Getting Rid of Acne
Acne is more than just a mild annoyance - it can be downright painful, affect self-esteem and social life, and cost hundreds of dollars in search for a viable cure.
I rarely had acne as a teenager. I don't know why I was spared this one humiliation, since everything else about me was awkward and unfortunate at that age. Anyway, I guess the ordeal didn't pass me by so much as take its sweet time getting there, because I started breaking out like crazy about 6 years ago. Around my chin and mouth, I had big, ugly red bumps that were unpoppable and hurt my face. My cheeks were covered with smaller bumps with no discernible head or core - just small white bumps that were only more obvious with makeup applied on top.
Because acne usually shows up on your face, and your face is... well, what you face the world with, experiencing acne can affect your self-esteem and social life. I spent months refusing to go out (other than to work) because of my embarrassment surrounding my pimples. They were so big that I couldn't cover them with makeup, and they didn't respond to the obvious solutions. I've never been much of a socialite, but I had never been a complete shut-in for reasons of appearance before. I visited every department store, every high-end skin care boutique, hoping to find a serum or cleanser that could wash away those painful and ugly bumps.
The truth is, no one skin care regimen or treatment is going to fix everyone's acne problems. You'd never know this if you headed into a skin care section at a department store - plenty of well-meaning but ignorant Clinique saleswomen were intent on convincing me that a bar of soap and some "moisture gel" would fix my face up in a jiffy. Watching TV late one night, I was inspired to try Pro Activ, which caused me to break out in a dry, flaky rash that covered my face, neck, and scalp.
It cost me hundreds of dollars and many hours of wasted time to figure out how to eliminate my zits. Here's what I learned during my search for a solution to my acne issues. First, though, a note about what this article does NOT contain: lists of acne treatments (salicylic acid, sulfur, blah blah blah you can look that up elsewhere), an endorsement of a particular skincare line (you have to find that one for yourself), advice on how to pop a pustule (don't), or admonitions to avoid chocolate (do not avoid chocolate). This is not a complete list of ways to fix problem zits, but rather a few tips that I've picked up along my acne journey that surprised me.
There are many different kinds of acne.
There is no one solution for acne, because there are many kinds of acne. There are surface pimples that respond really well to treatments like benzol peroxide, and there are deep pimples that may require antibiotics or steroid injections. Acne rosacea appears more as a rash across cheeks and noses, and can lead to a build-up of thick skin. Nodule and cystic pimples begin far under the skin's surface, but appear as big red zits on the surface of the skin and don't generally respond to topical applications (mine did, however - read on).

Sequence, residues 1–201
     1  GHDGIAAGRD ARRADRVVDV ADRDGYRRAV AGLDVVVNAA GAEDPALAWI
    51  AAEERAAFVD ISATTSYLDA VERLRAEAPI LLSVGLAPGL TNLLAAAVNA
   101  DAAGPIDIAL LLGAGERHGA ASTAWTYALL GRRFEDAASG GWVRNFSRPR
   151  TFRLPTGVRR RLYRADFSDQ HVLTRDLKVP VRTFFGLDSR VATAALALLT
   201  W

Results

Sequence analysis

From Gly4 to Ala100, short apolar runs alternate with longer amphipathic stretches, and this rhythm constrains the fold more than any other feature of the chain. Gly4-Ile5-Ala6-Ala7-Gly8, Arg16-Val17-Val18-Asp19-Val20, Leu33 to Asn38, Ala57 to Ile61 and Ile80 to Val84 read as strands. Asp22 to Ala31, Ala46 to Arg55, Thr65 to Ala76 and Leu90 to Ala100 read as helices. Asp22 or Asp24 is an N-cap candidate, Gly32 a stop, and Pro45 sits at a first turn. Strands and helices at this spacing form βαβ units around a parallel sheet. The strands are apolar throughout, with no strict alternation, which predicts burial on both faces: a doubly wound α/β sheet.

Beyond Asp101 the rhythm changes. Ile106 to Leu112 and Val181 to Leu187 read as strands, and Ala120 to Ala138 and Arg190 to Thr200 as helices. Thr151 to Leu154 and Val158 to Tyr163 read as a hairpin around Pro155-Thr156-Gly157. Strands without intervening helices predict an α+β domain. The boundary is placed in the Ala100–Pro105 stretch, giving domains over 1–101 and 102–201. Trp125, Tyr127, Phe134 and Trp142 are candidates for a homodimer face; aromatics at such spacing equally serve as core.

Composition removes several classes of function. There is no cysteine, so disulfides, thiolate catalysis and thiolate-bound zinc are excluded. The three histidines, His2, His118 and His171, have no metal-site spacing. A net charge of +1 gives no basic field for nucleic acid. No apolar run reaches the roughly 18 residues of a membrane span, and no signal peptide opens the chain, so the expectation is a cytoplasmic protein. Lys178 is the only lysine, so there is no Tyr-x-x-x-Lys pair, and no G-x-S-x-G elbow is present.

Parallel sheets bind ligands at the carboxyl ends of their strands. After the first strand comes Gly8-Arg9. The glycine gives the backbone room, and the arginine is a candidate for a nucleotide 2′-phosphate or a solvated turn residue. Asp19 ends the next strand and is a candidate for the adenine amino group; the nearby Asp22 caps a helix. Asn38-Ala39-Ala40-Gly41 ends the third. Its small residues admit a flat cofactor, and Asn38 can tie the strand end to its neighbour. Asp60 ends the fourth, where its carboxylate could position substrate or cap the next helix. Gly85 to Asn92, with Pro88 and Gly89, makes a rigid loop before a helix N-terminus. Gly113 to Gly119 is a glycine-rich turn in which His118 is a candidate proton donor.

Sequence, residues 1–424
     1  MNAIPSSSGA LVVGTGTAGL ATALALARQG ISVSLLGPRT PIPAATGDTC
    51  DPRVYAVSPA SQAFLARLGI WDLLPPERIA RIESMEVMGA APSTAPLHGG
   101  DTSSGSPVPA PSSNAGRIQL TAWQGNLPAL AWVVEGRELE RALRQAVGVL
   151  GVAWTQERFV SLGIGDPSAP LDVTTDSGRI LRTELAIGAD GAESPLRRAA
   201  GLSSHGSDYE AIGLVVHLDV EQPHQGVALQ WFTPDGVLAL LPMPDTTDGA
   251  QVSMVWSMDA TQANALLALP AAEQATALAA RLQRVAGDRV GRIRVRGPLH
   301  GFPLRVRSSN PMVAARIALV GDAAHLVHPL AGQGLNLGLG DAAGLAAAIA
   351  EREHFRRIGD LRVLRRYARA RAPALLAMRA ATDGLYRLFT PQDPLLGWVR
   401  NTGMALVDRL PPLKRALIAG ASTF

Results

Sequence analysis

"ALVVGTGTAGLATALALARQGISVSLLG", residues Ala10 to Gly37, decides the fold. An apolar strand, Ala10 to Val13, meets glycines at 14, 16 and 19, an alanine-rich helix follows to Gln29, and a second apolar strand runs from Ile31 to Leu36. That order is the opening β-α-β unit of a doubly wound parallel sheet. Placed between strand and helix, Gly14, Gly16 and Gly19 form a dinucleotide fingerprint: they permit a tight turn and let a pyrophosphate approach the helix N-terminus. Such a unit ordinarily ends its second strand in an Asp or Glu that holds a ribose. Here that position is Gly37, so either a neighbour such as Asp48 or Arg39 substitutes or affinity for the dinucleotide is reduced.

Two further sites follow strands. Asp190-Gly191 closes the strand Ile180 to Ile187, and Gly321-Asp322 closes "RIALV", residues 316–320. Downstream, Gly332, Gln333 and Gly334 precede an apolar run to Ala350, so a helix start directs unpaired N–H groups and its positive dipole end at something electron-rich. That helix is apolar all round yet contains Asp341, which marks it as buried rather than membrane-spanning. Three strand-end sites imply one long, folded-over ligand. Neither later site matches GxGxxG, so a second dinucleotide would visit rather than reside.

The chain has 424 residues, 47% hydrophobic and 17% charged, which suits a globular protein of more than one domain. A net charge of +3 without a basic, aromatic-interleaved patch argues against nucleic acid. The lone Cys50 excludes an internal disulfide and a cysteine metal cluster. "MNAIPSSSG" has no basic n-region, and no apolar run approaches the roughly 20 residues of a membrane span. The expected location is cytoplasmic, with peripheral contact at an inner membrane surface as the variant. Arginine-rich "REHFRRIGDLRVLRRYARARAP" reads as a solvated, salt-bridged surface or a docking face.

When my breakouts started in my mid-twenties, I was actually suffering from three different kinds of acne: acne rosacea (which is genetic, and tends to strike people with fair skin) just below my eyes, cystic acne around my mouth and chin, and smaller, bumpy pimples on my cheeks next to my ears. It seems easy to think of all acne as simple variations of the same problem, but they really are very different, and thus require different treatments. So, if you aren't getting the results that you want from your acne treatments, you might want to consider the possibility that you are treating the wrong kind of acne.
Just because you have acne doesn't mean you have oily skin.
Surface pimples are primarily caused by clogged pores. Dirt or dead skin particles can block a pore or hair follicle, and normal skin secretions back up behind the pore, and the whole mess is then infected with bacteria. Voila! Pimples. However, a breakout of acne doesn't necessarily mean that you have insanely oily skin, even though everyone and their mother will probably start advising you to start treating your acne with harsh toners.
When I had my terrible break-outs a few years ago, I had incredibly dry skin, but because I had acne, everyone told me that I had "combination" skin. Using all the typical acne treatments only made things worse, because many pimple ointments are designed to parch your skin like the desert air. Irritated, dry skin didn't prevent pimples from forming - it made the skin around the pimples look that much worse and didn't stop my pores from clogging.
If you do have oily skin, using harsh astringents and soaps may dry your skin out (or it may make it worse as your body tries to compensate for your dry skin by increasing oil production), but it doesn't necessarily eliminate pimples. If you find that Pro Activ (very drying) works well for you, that's great, but if it doesn't, you need to consider another option.
'Natural' or holistic skin care isn't necessarily better or more effective.
Although it sounds like a great idea, a skin care line billing itself as 'natural' isn't necessarily going to give you better results than any other line of face products. Here's an example: I have thin, sensitive skin that flushes easily, so I frequently look feverish (or drunk) when I'm totally healthy (and sober). I was delighted to hear about Dr. Weil's Plantidote line of Mega-Mushroom skin care from Origins. From the Origins web site: